GIRARD Mayor: Benefits of speed camera outweigh glitches

GIRARD -- City officials say there are going to be some glitches and growing pains with the new speed camera system, but residents should look to the ultimate goal of speed reduction.
Earlier this week a property owner on state Route 422 parked a car in front of the camera when the camera was placed in front of his property. Officials said the camera was attached to a pole owned by the man.
Jerry Lambert, safety services director, said attaching the camera to a pole not owned by the city was a mistake. He said Traffipax of Columbia, Md., the company in charge of maintaining and placing the camera, has been informed to only attach the camera to poles owned by the city.
Lambert said the city is not looking to take action against the man because the pole is on the man's property. Ordinarily, however, anyone caught tampering with the camera could face criminal charges.
Warning sign
Mayor James Melfi said police officials have suggested a sign be attached to the camera warning those up to no good that their actions could result in criminal prosecution. The police chief could not be reached to detail what those potential charges are.
Both Melfi and Lambert said they have heard about two residents disputing tickets they received in the mail, but no one has formally objected to a ticket issued as a result of the camera.
Lambert said a part-time hearing officer will be hired as early as Monday to handle disputed tickets. He said anyone wishing to dispute a ticket can call a toll-free number and set up a hearing with the hearing officer through Traffipax.
Camera benefits
Melfi said wrong pole placement and any disputed tickets are relatively minor when residents consider the benefits of the camera. He said officials are beginning to hear from those in support of its use.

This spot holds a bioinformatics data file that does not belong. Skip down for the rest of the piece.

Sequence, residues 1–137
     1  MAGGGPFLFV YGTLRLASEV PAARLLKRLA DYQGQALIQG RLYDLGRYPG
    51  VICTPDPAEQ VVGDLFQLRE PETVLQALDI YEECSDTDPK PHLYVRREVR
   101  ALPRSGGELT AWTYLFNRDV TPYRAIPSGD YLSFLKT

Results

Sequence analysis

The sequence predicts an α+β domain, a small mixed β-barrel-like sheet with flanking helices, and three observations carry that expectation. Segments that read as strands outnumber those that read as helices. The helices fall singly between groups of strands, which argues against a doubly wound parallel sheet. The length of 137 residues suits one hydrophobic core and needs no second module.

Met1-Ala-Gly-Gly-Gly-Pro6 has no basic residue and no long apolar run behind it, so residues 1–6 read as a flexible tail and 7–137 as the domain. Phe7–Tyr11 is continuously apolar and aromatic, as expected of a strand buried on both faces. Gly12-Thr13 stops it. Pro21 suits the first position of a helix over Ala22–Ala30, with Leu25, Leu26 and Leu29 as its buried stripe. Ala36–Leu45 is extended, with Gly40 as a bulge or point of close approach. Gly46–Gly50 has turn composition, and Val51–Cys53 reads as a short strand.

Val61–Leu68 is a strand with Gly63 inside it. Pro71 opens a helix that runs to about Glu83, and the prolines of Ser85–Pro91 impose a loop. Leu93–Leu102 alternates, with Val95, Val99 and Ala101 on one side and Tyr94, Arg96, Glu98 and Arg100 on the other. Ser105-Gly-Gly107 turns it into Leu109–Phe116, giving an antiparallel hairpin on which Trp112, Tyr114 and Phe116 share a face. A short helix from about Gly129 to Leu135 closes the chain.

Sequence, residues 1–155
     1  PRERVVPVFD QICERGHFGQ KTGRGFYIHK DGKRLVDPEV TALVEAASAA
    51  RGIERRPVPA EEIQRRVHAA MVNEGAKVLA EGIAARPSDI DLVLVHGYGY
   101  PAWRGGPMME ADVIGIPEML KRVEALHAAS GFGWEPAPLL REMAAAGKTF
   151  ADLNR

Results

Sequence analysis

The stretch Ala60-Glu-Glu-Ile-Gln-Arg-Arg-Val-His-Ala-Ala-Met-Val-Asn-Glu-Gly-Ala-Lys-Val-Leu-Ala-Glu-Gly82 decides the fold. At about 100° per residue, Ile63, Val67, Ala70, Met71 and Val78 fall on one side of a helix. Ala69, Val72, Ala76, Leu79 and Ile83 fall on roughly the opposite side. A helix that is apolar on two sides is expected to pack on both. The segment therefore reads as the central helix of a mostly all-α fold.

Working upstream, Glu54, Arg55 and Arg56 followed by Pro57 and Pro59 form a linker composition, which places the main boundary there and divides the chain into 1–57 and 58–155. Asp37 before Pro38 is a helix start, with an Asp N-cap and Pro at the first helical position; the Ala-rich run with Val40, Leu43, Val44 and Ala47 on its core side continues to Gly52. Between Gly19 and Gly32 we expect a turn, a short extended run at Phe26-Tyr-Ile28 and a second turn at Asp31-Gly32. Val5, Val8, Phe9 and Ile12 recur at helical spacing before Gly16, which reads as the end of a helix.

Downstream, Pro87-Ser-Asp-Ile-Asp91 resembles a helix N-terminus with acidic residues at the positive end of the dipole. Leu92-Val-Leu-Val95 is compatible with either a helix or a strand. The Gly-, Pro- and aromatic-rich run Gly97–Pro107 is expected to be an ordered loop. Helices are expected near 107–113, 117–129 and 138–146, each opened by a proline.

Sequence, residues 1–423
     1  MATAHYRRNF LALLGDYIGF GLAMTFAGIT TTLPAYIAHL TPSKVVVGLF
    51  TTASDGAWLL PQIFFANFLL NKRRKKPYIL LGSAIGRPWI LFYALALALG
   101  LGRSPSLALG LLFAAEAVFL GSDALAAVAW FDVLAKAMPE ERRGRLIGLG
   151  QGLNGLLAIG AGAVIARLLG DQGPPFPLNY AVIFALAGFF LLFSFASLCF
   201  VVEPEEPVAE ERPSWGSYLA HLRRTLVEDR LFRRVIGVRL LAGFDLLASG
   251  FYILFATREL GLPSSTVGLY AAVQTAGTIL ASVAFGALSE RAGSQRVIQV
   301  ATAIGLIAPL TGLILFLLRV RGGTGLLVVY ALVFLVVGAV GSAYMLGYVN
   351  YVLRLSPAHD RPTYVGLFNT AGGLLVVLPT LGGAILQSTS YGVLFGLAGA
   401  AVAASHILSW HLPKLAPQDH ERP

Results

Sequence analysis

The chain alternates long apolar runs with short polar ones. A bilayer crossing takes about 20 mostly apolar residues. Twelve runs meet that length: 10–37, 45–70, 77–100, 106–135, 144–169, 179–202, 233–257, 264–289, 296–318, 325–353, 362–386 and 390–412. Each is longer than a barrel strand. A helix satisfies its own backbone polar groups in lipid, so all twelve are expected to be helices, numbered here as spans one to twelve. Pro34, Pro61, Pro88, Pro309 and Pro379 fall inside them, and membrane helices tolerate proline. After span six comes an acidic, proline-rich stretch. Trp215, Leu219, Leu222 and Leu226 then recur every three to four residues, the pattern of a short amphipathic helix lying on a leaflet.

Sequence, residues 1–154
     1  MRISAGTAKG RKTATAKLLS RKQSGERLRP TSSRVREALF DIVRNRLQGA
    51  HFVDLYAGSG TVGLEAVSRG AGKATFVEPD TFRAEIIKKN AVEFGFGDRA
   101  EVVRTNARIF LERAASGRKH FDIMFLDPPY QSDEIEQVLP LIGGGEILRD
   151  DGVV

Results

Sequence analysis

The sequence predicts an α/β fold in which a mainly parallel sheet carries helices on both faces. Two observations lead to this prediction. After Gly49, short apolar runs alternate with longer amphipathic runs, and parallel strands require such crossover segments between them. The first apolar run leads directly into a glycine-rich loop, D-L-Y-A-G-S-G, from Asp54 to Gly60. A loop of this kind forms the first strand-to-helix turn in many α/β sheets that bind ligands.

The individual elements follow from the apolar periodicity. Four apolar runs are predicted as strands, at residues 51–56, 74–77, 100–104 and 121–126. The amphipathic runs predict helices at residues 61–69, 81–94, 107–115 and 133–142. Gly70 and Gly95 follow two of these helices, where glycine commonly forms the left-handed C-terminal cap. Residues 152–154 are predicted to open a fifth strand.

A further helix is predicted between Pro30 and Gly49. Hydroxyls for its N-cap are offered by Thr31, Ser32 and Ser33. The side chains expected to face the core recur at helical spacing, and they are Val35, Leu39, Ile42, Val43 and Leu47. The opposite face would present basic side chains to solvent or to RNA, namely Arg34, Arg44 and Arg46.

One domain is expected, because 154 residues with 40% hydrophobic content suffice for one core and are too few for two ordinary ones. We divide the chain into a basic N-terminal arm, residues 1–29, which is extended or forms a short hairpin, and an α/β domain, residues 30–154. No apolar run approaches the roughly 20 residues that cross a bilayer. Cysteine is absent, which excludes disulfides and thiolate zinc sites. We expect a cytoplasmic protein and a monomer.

"We are getting favorable responses from residents who have long cried for a reduction in the speed of those coming through town," he said. "Those people complaining obviously don't live in those affected neighborhoods."
Melfi said more people will see the benefits of the camera with students returning to school and more kids walking along and crossing city streets. He said the safety factor is still city officials' biggest concern.
Melfi said city officials will be monitoring traffic flow in the city to make sure the camera is helping reduce speeding and accidents. He said statistics from previous years will be compared with statistics taken since the camera has been operative to see if the city has had fewer accidents.
"We know it is effective in reducing speed, but is there a direct correlation between speed and accidents," he said.
Should the statistics show no changes in the accident rate or overall safety on city streets, Melfi said he will personally order the camera removed.

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